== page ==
Posted 17 October 2005 - 10:28 AM
Posted 17 October 2005 - 10:44 AM
Posted 17 October 2005 - 11:53 PM
If you can get one in good shape for a reasonable price, I'd jump on it. Selling mine was one of the dumbest things I ever did. And I do dumb things on a very, very regular basis.....
Posted 18 October 2005 - 09:34 AM
I believe that Celestron produced a couple of different versions of the C8 with the Ultima moniker. The Ultima 2000 which was computerized and the Ultima 8 PEC (not sure if PEC is officially part of the name or not) which is the model Rob is referring to with the larger forks and Byers drive. IIRC, the 2000 had a grey tube.
Which version are you considering purchasing?
Posted 18 October 2005 - 10:33 AM
Posted 21 October 2005 - 06:40 AM
If you are refering to the Ultima-2000 the both Uncle Rod and Sky & Telescope say that it is a virtual dead heat between the Celestron 8" Ultima-2000 and the Meade 8" LX-200. S&T felt that Celestron had better optics, but the Meade had slightly better goto's. Comparing all the two across a long list the 8" Ultima-2000 bested the 8" LX-200 as many times as the 8" LX-200 bested the 8" Ultima-2000. Tangent instruments built the electronics in the Ultima-2000 for Celestron. You may recognize the name as Tangent makes the electronics for almost all DSC made
Posted 21 October 2005 - 09:01 AM
Bouncier Is that like the Meade LX-6 perpetual motion tuning fork The Ultima-8 PEC was Celestron's top of the line SCT. When combined with a top of the line tripod/wedge it was/is very sturdy and stable. Since it had the Byers gears it had very low PE.
I did mention that it would track as well as most current gear. Compared to some other forkmounts of the era it was pretty solid but the question was in comparison with current gear. Have you tried a Nexstar 8GPS or an 8" LX200? I have; those are beefier.
Tangent made both the Ultima and the Ultima 2000 electronics and yes, they are still around supplying private-labelled DSC boxes - but there's little or no support for the obsolete boards produced for Celestron. I know our Club is getting ready to dispose of an Ultima 8 with one bad board and one unsuitable board that was as close as Tangent could come to a replacement. The Sky Commander and Argo Navis units seem to have pretty much taken over the DSC market; I haven't seen many new Tangent DSC boxes in use lately.
I dunno what happened to the Ultima 2000; they never achieved any significant market penetration yet some folks still use and love them so they must have been pretty good.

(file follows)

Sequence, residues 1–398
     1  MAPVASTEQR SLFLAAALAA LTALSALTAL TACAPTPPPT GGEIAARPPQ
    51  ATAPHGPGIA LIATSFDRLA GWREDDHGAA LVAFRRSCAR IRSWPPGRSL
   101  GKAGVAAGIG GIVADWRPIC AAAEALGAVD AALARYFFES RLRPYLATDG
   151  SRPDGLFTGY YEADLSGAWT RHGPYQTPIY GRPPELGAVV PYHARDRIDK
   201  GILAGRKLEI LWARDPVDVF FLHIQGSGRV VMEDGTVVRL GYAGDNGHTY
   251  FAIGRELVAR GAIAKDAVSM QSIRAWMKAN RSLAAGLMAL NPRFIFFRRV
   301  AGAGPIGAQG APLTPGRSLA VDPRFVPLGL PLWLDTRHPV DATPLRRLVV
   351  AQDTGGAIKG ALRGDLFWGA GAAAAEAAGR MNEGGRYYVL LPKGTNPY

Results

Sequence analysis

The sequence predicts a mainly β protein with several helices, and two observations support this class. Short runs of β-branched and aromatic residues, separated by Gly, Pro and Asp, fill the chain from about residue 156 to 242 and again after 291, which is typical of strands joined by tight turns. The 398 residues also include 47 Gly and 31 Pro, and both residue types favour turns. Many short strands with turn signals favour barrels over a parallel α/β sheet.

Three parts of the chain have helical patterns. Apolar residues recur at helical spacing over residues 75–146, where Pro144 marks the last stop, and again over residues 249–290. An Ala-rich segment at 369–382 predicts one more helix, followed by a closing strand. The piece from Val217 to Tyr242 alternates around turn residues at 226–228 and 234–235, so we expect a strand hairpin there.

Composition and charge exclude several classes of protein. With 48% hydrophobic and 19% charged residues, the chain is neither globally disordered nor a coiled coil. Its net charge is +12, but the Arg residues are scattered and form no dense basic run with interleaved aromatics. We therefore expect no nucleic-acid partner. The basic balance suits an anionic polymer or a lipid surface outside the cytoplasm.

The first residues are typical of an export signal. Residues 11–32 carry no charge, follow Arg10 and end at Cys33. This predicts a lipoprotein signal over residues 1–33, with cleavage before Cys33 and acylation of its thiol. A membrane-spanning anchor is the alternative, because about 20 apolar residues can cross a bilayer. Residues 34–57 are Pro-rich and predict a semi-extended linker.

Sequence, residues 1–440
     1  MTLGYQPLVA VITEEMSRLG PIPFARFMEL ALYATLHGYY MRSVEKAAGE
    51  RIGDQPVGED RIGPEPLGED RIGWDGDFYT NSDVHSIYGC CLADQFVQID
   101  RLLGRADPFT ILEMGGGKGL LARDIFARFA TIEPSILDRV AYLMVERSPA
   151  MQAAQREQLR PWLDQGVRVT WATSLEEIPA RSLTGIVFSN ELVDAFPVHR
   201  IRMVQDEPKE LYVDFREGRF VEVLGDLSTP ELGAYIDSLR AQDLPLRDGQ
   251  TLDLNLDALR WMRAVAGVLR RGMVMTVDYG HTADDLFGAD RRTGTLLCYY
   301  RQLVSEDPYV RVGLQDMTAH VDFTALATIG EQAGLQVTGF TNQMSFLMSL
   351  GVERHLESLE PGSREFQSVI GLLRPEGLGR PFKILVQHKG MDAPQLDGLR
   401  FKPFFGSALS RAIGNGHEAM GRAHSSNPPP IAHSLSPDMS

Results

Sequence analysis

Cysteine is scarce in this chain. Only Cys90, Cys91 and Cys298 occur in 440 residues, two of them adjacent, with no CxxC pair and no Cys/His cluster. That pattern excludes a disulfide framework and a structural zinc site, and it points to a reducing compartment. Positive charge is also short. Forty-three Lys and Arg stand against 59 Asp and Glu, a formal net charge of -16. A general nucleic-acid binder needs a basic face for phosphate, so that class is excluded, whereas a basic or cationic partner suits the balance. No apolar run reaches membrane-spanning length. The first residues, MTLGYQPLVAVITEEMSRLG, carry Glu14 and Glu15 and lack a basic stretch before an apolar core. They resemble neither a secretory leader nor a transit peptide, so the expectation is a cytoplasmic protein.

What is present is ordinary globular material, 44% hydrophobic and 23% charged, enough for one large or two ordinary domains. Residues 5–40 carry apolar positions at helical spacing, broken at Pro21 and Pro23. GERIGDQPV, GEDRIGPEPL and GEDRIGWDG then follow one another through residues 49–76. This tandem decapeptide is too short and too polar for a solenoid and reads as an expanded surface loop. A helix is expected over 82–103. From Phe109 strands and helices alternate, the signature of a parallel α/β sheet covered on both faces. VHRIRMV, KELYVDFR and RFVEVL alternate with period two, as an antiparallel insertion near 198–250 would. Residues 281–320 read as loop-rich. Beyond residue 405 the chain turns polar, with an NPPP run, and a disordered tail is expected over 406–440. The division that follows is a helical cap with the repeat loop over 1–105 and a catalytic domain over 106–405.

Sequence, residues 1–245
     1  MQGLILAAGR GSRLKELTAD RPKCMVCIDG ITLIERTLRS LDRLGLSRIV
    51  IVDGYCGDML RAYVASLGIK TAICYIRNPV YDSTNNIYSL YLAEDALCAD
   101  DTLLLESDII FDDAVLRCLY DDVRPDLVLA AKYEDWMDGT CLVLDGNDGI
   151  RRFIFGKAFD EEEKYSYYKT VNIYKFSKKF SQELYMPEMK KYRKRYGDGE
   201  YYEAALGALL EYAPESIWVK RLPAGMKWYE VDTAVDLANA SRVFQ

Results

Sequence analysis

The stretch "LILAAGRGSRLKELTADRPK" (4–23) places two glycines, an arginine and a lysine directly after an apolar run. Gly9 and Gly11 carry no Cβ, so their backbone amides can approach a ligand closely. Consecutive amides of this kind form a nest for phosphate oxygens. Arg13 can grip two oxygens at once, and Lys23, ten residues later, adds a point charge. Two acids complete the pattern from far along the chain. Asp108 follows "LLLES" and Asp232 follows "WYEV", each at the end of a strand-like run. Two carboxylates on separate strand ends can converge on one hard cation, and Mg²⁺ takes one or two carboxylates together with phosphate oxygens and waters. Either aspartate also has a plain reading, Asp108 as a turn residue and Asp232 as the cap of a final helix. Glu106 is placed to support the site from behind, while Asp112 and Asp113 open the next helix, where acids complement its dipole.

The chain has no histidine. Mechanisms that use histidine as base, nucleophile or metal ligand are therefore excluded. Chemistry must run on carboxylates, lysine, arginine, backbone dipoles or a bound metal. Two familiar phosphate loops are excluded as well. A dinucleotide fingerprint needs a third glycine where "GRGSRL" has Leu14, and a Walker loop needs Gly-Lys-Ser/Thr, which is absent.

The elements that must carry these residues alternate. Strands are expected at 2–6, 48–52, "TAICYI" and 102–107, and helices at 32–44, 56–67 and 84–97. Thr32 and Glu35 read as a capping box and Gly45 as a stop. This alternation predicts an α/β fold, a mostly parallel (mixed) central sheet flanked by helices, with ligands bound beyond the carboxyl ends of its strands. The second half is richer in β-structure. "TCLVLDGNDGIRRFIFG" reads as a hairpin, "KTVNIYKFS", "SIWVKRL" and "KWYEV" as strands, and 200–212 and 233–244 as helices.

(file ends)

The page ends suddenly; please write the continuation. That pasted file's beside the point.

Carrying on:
Posted 21 October 2005 - 09:20 AM
Posted 21 October 2005 - 09:50 AM
The castings for the base and forks on the LX-6 are as large or larger than the LX-200. The Nexstar-8GPS seems to be a beefier more solid scope than the LX-200GPS. At the starparties I've been to as of late Nexstar's seem to be an all around better product than the LX-200.
Regarding the LX200 v. earlier forkmounts I don't have the same feeling that you do; the LX50 and LX200 forks seem much more stable to me than the LX-3's and LX-5's. I haven't owned an LX-6 but I believe it's the same mechanically as the LX-5. I agree that the NX8GPS is even better than the 8" LX200 in this regard. Regarding overall quality I can't choose a clear winner; I've owned several NX8GPS telescopes and several LX200GPS telescopes and I liked them all and all worked well for me.
Posted 21 October 2005 - 10:02 AM
Consider that Peterson engineering exists only as a supplier of parts to replace the poorly engineered or miss designed parts in the LX-200. I don't see many ads for electronics repair services for the Nexstar, but there is one for LX-200 and it is not because there are more LX-200's out there they just have more problems
It's a matter of opinion; neither company is sharing those figures so we can't be sure. My presumption that the force driving this difference in aftermarket support is a matter of relative quantity rather than a qualitative difference is based on the fact that Meade had the market to themselves for nearly 10 years and must have pushed a raft of product out during that period; there are LOTS of Classic LX200's out there. Even today, with Celestron offering a clearly competitive product, their domestic manufacturing capacity is far smaller than Meade's. They could fix that by shipping SCT production overseas but I hope they don't; I like their products as they are.
Posted 21 October 2005 - 10:46 AM
If used in the vertical alt-az mode, todays dual arm SCTs are very stable and vibrationless. The single-arm C8i from Celestron, though, is a vibrator for sure (I've seen 15+ second vibration periods).
And if any of these contemporary scopes is mounted on a truly heavy-duty wedge (like the Milburn), then vibration really isn't an issue.
There are combinations of SCT and mount that are somewhat questionable, though, like a C11 on the ASGT mount.
Posted 21 October 2005 - 08:14 PM
Posted 26 October 2005 - 08:44 AM